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Meals to cook when you have no time to think about eating

Peas are an easy way to add a little touch of nutrition to the comfort food we seem to all be eating right now.
Peas are an easy way to add a little touch of nutrition to the comfort food we seem to all be eating right now. Food styling by Brett Long. Prop styling by Nidia Cueva.
(Leslie Grow / For The Times)

The events of the past few weeks have been, to put it mildly, a lot. On top of the continued stress of life at home under the coronavirus shutdown, the protests and civil unrest sparked by the death of George Floyd have placed the reality of serious race issues in our country front and center. In our everyday lives, tense but necessary conversations are taking place, especially at work. The Times is no exception, and in our Cooking content, my colleague Genevieve Ko and I are struggling to find where we fit into the cultural conversation.

It’s in stressful times like these that I rely on extremely low-stakes cooking — dishes with as few ingredients as possible that can be made quickly. Ideally they’re packed with vegetables and good for me, but if they’re a cheese-packed comfort dish, I’ll take it. The point is to take care of yourself right now, no matter what you’re going through, by giving yourself permission to eat the comfort food you crave. It’s a simple act you can control in a time when everything in our world seems to be in a constant state of chaos.

Spring Pea Carbonara

Time20 minutes
YieldsServes 2 to 4

Peas add just the right amount of nutrition to this comforting pasta classic.

Spring Onion Home Fry Tacos

Time25 minutes
YieldsServes 4
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Crispy potatoes are an easy filling for store-bought tortillas. Serve with your favorite salsa or hot sauce, crumbled cheese and lime.

Shrimp, Leek and Watercress Stir-Fry

Time15 minutes
YieldsServes 4

Thaw some frozen shrimp or fish fillets if that’s all you have, and use them and any hearty chopped greens in place of the shrimp and watercress.

Seared Eggplant with Spicy Glazed Peanuts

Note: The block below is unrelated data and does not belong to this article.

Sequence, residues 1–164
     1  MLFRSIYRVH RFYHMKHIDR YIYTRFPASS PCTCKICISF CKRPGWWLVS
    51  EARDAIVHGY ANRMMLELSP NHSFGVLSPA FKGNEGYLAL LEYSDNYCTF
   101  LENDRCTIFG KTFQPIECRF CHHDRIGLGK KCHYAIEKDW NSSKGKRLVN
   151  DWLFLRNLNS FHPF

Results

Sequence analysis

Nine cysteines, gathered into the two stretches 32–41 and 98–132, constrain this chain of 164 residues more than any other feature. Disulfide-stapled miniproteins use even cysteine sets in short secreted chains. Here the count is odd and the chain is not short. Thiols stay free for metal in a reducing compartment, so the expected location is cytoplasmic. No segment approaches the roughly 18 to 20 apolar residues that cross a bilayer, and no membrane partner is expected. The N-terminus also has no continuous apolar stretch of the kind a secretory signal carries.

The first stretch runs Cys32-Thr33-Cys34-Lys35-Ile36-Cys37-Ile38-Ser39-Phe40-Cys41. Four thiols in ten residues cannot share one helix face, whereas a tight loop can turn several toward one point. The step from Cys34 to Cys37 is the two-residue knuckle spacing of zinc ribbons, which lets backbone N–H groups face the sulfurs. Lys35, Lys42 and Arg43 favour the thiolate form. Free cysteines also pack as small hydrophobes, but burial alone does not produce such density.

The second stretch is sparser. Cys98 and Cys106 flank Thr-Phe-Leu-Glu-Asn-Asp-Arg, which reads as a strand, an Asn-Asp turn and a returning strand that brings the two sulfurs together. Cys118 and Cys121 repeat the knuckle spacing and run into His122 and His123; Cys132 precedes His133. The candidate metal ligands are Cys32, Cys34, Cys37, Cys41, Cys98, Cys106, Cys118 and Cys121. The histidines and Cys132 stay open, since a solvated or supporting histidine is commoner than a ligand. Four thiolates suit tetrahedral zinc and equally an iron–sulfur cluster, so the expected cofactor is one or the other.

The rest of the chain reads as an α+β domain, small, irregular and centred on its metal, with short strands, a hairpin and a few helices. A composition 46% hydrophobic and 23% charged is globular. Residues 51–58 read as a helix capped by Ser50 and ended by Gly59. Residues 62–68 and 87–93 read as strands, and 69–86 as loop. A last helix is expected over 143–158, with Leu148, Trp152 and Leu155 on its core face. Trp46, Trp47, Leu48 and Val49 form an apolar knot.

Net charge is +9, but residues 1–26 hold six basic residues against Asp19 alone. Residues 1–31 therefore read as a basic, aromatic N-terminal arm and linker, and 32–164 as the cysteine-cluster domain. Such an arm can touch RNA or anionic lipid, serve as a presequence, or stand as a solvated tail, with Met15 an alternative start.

Time25 minutes
YieldsServes 4

Make extra spicy peanuts to keep in the fridge for showering over any grilled vegetable for an instant dinner.

APL Kale Salad

Time20 minutes
YieldsServes 6 to 8

Kale and crunchy vegetables make this quick salad healthful while the Parmesan and lemony vinaigrette make it comforting and bright.

Korean Corn Grilled Cheese

Time40 minutes
YieldsServes 4

Melting cheese and sweet corn combine to make what may be the best filling between bread in this grilled cheese inspired by the delicious Korean barbecue side dish.

Ask the cooks

In reviewing your chocolate cake recipe, I found a part that is confusing to me: “In a small saucepan, melt the butter and chocolate with one cup water over medium heat.”

I did not see one cup of water in the ingredient list so wasn’t sure if this was to be added or used in a double boiler set up?
— Julie Bruinsma

This is a great question because it allows me to also give a little background information on how we write recipes. But first, the short answer: The water goes in the cake, so it should be mixed with the butter and chocolate.

As a rule, most recipes from food publications don’t list water in ingredient lists because it’s something that you technically don’t need to buy. We write our ingredient lists so they resemble, as much as possible, grocery shopping lists. Exceptions are in recipes like making bread where you’d want filtered water because it has no impurities that would affect the delicate flavor of bread; recipes that call for sparkling water, like cocktails; or recipes that call for boiling water, which is also an ingredient you don’t need to buy, but it is one you’d need to prep in advance.

Have a cooking question?

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